hubert is objectively the funniest character
- just listen to any line of dialogue he has
- “von Vestra” is the absolute rawest surname I can think of. It sounds perfectly ominous and suitable for a character who looks Like That. but like … his first name is HUBERT
- Me: “Oh, maybe it’s pronounced the French way!” Edelgard: *very much not the French way* Hubert
- His entire deal is his obsessive and steadfast devotion to Edelgard. Edelgard is a character who can throw axes around like they’re nothing. Hubert, meanwhile, is made out of tissue paper and will die from a single hit.
- Threatens Byleth, a trained mercenary, in their C-support. Has to attend class the next day.
- seriously listen to any Edelbert support
- Felix has hilariously edgy lines too but Hubert does it in a more theatrical way? Like to me Felix is Shadow the Edgehog and Hubert is Scar Lion King. or like, Felix is Simple Plan and Hubert is MCR (no shade to Felix btw, I laughed at all his lines too)
- I forget who the op of the post was but someone said “Hubert is the Evil Advisor trope except the person he’s advising is 100% in on it”
- He killed his father. this is mentioned once and is never brought up again. nobody reacts to this
- I’m obsessed with El’s Hubert impersonation but on my second CF run I got to remember that Hubert impersonates his father and I am. OBSESSED with these dorks.
- He acts like he’s too good for school events and then goes “Lady Edelgard I hope you save one dance for me 🥺”
- DO YOU NOT LIKE THE SCARLET PATH I HAVE PREPARED FOR YOU
- “Hey Hubert is this your NOXIOUS HANDKERCHIEF?” “Yes, that is mine. Thank you.”
- He’s genuinely one of the more complex characters (if you look beyond the surface) and I am so so passionate about his character development but I mostly like him because every line he has sends me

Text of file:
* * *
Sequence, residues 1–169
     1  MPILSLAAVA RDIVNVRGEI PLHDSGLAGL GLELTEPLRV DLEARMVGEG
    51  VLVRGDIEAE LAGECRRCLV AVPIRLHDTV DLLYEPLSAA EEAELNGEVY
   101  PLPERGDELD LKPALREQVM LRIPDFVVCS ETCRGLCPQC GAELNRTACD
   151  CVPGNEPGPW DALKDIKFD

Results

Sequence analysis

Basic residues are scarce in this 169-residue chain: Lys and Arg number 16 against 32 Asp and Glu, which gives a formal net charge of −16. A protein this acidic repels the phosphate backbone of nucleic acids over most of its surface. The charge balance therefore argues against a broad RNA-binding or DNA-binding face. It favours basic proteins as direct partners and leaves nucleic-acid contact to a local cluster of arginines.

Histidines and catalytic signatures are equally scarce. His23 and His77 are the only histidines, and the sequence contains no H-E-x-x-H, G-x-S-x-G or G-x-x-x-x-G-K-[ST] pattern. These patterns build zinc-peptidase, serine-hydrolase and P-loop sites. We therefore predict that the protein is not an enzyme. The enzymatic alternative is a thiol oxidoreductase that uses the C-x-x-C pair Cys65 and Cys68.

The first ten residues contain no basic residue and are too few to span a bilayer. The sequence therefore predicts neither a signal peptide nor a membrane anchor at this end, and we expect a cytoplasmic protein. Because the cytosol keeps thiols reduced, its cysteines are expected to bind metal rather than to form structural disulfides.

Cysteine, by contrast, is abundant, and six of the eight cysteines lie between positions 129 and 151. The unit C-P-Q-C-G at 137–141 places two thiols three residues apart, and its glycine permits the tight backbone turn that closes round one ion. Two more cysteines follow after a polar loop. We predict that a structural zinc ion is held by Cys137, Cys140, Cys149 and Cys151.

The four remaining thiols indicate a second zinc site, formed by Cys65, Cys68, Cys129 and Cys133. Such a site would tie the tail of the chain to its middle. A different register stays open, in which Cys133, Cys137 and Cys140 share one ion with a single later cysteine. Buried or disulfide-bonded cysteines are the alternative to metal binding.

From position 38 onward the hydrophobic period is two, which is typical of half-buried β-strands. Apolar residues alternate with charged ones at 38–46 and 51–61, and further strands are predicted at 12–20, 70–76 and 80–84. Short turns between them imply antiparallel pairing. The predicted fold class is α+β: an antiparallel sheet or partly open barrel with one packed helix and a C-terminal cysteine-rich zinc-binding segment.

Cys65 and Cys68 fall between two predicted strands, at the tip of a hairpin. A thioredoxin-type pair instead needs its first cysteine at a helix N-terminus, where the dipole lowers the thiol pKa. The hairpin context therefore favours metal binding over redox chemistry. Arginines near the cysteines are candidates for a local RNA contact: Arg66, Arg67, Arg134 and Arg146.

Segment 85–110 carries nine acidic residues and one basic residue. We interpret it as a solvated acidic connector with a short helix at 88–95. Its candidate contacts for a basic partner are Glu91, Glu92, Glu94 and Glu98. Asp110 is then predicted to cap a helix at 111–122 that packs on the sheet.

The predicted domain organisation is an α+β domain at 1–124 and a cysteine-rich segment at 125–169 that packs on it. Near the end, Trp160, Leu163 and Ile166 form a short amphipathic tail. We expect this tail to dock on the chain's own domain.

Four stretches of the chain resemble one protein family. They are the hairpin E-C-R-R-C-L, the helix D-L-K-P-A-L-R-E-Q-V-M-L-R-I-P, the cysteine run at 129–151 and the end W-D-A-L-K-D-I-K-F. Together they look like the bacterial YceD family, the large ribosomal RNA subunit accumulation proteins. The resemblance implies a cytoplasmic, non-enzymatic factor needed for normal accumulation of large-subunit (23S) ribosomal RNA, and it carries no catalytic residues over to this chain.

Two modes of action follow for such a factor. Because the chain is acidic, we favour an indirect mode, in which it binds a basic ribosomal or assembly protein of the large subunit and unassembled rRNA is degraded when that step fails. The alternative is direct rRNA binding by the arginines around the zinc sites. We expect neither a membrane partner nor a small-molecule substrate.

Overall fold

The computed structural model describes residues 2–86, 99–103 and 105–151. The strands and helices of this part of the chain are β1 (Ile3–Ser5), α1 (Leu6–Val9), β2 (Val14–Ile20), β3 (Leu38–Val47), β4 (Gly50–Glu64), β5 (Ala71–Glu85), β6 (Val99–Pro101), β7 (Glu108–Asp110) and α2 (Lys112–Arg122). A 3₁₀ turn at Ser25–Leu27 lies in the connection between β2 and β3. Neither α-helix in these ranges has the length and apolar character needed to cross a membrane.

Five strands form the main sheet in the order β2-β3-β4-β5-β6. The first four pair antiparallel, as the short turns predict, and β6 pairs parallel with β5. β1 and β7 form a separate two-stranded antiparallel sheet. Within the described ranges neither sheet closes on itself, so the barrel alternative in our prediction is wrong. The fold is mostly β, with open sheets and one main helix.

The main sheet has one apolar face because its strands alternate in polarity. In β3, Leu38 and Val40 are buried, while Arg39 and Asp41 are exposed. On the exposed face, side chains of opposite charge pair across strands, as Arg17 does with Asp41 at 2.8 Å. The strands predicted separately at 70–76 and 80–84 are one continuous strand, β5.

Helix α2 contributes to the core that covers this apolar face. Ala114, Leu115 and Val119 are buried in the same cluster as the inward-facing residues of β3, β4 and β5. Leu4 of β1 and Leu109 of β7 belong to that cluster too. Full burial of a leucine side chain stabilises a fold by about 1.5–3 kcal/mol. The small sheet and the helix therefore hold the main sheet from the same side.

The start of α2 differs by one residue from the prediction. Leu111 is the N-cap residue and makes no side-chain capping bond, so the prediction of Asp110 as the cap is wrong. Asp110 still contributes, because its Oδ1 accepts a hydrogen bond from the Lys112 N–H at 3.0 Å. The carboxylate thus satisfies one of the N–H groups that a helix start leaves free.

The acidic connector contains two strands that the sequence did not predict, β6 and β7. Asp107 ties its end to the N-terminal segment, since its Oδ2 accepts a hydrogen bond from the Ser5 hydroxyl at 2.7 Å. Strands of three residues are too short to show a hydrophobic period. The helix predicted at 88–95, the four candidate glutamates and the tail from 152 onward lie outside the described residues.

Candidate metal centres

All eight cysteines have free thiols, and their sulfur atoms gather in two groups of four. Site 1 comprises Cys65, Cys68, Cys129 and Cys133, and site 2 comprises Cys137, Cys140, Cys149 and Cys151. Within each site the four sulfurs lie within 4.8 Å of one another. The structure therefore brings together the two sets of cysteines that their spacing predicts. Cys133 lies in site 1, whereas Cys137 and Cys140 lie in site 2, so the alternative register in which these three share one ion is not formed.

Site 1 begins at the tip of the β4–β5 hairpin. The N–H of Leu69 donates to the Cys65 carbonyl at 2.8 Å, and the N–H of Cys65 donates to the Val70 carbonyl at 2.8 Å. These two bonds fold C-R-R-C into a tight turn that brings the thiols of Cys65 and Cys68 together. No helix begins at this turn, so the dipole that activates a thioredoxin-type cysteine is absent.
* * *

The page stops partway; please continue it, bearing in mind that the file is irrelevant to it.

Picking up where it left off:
- Hubert only blushes for two characters in the game: Byleth … and Ferdinand.
- he likes board games
- when you feed him something he likes he’s like “i don’t particularly care for food, but i will admit weakness for this one dish” which i take to mean that hubert is so edgy he thinks he’s too cool for EATING
- or alternatively, he is an actual vampire
- the evil laugh
- my best friend conceptualized the Byleth/Hubert relationship as a dad trying hard to impress his angsty teenage son. she calls him Hugh and I demand that this catch on please can we make Hugh happen
- by giving him traditionally “scary” facial features he actually gets one of the most interesting and unique character designs. this means that a lot of fanfic writes him as “sexy, but in a rat way”
- WOULDN’T IT BE TERRIBLE IF THE ARCHBISHOP GOT MURDERED
- he’s afraid of heights
- that one existential horror advice box question where he’s like “I used to fear the goddess. Now I fear the living” or something
- he is a massive edgelord to everyone else but he deliberately stops laughing around Bernie bc it scares her
- when Jeralt dies in Black Eagles Part I, Hubert gives you dry facts about the enemy’s position as his own odd way to comfort you. however, in any other route, he says “I’ve never been one for condolences” and leaves it at that
- he is 2 years older than his classmates. that fact alone makes everything he does 100x funnier
- the Hubert Stanning Experience is just laughing at this emo man until he’s wormed his way into your heart and soul and now he’s stuck there as your weird murder son
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ART NOUVEAU PORTALS
1. Salvador Valeri i Pupurull, Casa Comalat, 1911, Barcelona, Diagonal 442D; 2. Josef Maria Olbrich, Glücherthhaus, 1901, Darmstadt, Mathildehöhe; 3. Gottardo Gussoni, Casa dei Draghi, 1918/20, Torino, Corso Francia 23; 4. Firsch Mausoleum, 1917, Eire Cemetary, Eire Pennsylvania; 5. Jules Lavriotte, Hôtel Lavriotte, 1901, Paris, 29 Avenue Rapp; 7-9. Ixelles, Bruxelles; 10. Hector Guimard, Castel Béranger, 1895/98, Paris, Rue de la Fontaine 14; 11. Strasbourg; 12. E. André, Maison Huot, Nancy, Rue Claude Le Lorrain 92; 13. San Sebastian, Calle Prim; 14. Alfred Wagon, 1904, Place Etienne Pernet, Paris.
Art Nouveau was the first pan-European style since Neo-classicism. Easily imitated, content free, and highly adaptable, the style was particularly appealing to private patrons uninterested in the politics of national styles that had characterized the various historical revivals of the 19th century.
The signature serpentine, coup de fouet gesture could devolve into spineless dither and filigree, however, and by the end of World War I, everyone agreed that the fin-de-siècle was over. In Europe, the various manifesto modernisms prevailed; Americans contented themselves with Art Deco, or, as Roy Lichtenstein put it, “modernism for the home.”
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